“Once the record was made, I organised a tour of New Zealand that we called The Girls’ Blouse Tour … I remember having a lot of coins after each show and having to go to the bank or dole it out for food. The camaraderie and friendship was pretty special.
“Our marketing was limited to the student radio network and posters. There was no appetite in New Zealand from commercial radio to play alternative music – unlike now, where there’s a New Zealand music month and the likes. In some ways it was quite isolating and you really did feel like you were forging a different path with music at the time.”
It probably goes without saying that Fatal Jelly Space sparked curiosity for being an all-female band, although their musical prowess spoke for itself. Regarding the question of whether it was a conscious decision to be an all-woman band, Cath says, “Yes I think so. I don’t think the kit would have ever left my bedroom otherwise. It was great. We got lots of gigs and I got to grow up in public as far as my playing was concerned.”
Jacinda says, “My first musical endeavour was an all-girl band at school. I went to a Catholic girls’ school and we used to practise in the school gymnasium with the blessing of the head principal who was a nun. The idea of an all-girl alternative/punk band started there. There weren’t any girl bands around – that I knew of – that played the music I was inspired by.”
Did being an all-woman band affected how audiences and the industry reacted?
Cath: “If we were mentors to other women who wanted to play music, then great!”
Cath: “Yes, it definitely had an impact. Lots of women’s band questions. I think we were all strong individuals with a variety of quirks and eccentricities between us. We weren’t spokespeople for womankind … we were young women playing music because we wanted to. If we were mentors to other women who wanted to play music, then great! I think the mindset was, ‘we’ll do whatever the hell we want’ … I still think that way.”
Jacinda: “Definitely. We weren’t taken seriously in the beginning for that very reason.”
Suzanne: “To be honest we didn’t really think too much about being all women. We were all feminists, and just believed in ourselves and our capabilities, and I don’t think we thought much about men versus women. FJS had a pretty unique sound and were an alternative sound to what was on the scene from other women bands.”
All good things sadly come to an end. The band broke up in 1994, and as can be expected, there are various reasons, but it seemed the right time for all involved.
Jacinda: “Sarah resigned, and it left a gap creatively and personally for me. It was time to move on.”
Cath: “Jacinda decided she wanted to do something else and eventually went to Australia. It wasn’t going to be the Fatals without her, so we called it a day.”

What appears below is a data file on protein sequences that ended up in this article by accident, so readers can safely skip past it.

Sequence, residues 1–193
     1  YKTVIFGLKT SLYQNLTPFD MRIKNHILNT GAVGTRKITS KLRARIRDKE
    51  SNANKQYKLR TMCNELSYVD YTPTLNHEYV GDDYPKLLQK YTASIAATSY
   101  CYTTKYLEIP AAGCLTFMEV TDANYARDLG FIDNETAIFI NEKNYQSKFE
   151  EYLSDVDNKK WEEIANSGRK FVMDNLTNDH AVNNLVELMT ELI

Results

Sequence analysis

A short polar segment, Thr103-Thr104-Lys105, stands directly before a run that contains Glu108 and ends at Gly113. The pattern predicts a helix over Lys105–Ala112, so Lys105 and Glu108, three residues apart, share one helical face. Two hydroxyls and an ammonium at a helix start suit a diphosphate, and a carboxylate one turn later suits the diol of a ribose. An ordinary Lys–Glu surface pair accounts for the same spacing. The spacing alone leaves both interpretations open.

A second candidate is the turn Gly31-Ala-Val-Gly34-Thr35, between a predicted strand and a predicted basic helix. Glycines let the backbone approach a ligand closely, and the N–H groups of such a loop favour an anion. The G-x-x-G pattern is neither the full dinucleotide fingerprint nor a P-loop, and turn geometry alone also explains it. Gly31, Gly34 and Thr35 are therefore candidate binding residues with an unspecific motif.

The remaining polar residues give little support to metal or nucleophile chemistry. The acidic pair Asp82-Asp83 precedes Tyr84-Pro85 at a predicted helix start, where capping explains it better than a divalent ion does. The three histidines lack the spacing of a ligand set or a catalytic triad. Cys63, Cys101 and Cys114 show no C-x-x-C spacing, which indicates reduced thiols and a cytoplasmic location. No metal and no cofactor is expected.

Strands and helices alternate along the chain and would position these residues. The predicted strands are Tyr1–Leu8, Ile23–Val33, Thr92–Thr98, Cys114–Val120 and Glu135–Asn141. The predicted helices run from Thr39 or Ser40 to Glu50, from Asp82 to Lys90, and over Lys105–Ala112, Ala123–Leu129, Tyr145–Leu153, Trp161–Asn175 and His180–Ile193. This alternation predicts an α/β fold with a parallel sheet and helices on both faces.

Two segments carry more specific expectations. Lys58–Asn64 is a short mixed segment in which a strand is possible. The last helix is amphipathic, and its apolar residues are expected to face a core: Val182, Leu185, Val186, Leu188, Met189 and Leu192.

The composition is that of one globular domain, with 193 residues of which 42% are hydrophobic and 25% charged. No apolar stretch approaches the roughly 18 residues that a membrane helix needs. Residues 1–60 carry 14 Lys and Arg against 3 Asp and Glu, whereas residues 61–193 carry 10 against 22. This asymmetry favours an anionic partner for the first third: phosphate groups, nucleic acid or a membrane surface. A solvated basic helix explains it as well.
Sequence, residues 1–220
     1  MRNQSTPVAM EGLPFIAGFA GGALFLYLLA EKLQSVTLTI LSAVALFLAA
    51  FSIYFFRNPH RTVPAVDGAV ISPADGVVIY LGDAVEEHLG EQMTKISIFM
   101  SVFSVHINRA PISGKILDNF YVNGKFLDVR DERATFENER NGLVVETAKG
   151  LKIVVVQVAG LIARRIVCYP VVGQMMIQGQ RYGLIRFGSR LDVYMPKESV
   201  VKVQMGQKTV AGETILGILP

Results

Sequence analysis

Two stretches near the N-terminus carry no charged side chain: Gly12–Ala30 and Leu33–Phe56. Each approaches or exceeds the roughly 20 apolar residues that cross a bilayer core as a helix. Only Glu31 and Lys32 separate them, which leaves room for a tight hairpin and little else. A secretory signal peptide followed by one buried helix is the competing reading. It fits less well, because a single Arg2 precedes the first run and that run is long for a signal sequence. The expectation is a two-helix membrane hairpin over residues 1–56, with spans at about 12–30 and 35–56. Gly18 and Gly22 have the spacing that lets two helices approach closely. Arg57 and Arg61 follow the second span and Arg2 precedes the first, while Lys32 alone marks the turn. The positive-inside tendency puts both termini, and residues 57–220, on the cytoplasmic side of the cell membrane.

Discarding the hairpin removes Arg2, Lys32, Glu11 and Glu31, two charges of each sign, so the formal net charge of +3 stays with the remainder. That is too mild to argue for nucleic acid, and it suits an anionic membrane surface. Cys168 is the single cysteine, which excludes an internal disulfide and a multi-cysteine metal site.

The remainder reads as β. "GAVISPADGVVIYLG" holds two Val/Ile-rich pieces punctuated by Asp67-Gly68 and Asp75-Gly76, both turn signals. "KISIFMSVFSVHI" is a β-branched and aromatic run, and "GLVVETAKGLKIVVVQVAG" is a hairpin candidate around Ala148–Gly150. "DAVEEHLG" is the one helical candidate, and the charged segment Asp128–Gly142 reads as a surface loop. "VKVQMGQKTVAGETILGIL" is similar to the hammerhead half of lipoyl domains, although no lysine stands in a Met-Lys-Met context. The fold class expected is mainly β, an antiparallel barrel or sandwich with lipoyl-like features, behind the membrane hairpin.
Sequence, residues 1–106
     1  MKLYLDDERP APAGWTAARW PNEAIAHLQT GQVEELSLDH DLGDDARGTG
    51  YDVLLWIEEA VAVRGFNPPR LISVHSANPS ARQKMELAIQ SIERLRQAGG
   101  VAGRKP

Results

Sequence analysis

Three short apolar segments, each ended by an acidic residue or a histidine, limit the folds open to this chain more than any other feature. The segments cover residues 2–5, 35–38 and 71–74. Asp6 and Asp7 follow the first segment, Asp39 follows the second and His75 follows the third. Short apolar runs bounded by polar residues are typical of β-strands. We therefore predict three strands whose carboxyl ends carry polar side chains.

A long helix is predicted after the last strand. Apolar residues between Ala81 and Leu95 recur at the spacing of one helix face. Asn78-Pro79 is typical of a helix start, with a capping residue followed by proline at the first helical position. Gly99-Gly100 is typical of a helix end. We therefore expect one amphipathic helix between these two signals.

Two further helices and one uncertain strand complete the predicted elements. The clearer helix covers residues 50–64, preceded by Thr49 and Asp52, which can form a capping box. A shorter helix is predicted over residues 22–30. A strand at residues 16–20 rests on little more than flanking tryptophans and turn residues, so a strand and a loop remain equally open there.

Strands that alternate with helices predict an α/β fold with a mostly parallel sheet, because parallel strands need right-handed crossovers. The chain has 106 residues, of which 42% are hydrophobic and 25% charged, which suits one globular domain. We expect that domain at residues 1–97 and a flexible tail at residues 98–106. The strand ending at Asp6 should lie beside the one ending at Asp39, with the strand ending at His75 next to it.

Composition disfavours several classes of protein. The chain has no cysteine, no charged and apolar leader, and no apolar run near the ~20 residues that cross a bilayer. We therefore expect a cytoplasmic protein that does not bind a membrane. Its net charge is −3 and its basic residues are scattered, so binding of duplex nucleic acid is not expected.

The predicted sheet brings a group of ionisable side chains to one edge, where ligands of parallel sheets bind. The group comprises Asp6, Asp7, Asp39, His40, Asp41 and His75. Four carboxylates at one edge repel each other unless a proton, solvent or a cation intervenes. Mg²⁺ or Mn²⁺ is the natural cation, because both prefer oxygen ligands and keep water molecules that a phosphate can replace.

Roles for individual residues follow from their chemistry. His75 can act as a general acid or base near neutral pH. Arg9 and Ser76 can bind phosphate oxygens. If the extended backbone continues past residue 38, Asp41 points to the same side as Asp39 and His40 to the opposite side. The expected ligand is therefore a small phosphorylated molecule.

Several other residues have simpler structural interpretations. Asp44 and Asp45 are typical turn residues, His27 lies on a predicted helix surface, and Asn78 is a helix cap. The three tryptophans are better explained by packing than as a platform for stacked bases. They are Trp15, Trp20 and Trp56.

Jacinda: “I’m proud though of our achievements from that time, it was an absolute blast! We are all still in touch and, at the end of the day, it was actually something pretty special.”
Cath: “That was a great, crazy period of my life and I have lifelong love and affection for the women in the band, including Suzanne. Also for Fred E Rick, our long-term sound guy, and Brigette Hunt, our lighting woman extraordinaire.”
Suzanne: “I’m proud of the record and videos we made and all the gigs we played. It was a really awesome time and hard to pinpoint the favourite times.”
Most of the former Fatals have continued along creative paths.
Since the band broke up, most of the former Fatals have continued along creative paths. Barbara played with Andrew Fagan in Lig in the UK and New Zealand from 1995 until 2008. Frankie plays solo shows around Waiheke Island, and while Jacinda hasn’t continued with music, she created a cool animated video for the band’s track, ‘Dark Is Rising’, in 2015.
Happily, a live set – The Fatals Live – has since been posted on Bandcamp. Also, songs from the unreleased EP engineered by Matthew Heine at The Lab – titled In the Room of Forgotten Songs – were released in 2019 on Spotify and Apple Music.
As befits this digital era, maybe the last word should be taken from Fatal Jelly Space’s Bandcamp page: “Fatal Jelly Space was a New Zealand band based in Auckland with an all-female line up. We existed from 1989-1994 and decided to cease when Jacinda (vocals) stated that she wasn’t angry anymore and wanted to do something else. Much later, our livers thanked her.”
Read more: Fatal Jelly Space – white-collar Johns call me crazy, by Sarah Cole
Frankie Hill - vocals, guitar
Cath O’Dwyer - drums
Jacinda Klouwens - vocals
Sarah Cole - keyboards, vocals
Barbara Morgan - bass
Rachel “Groover” Smith - backing vocals, percussion
Suzanne McNamara - manager, animal wrangler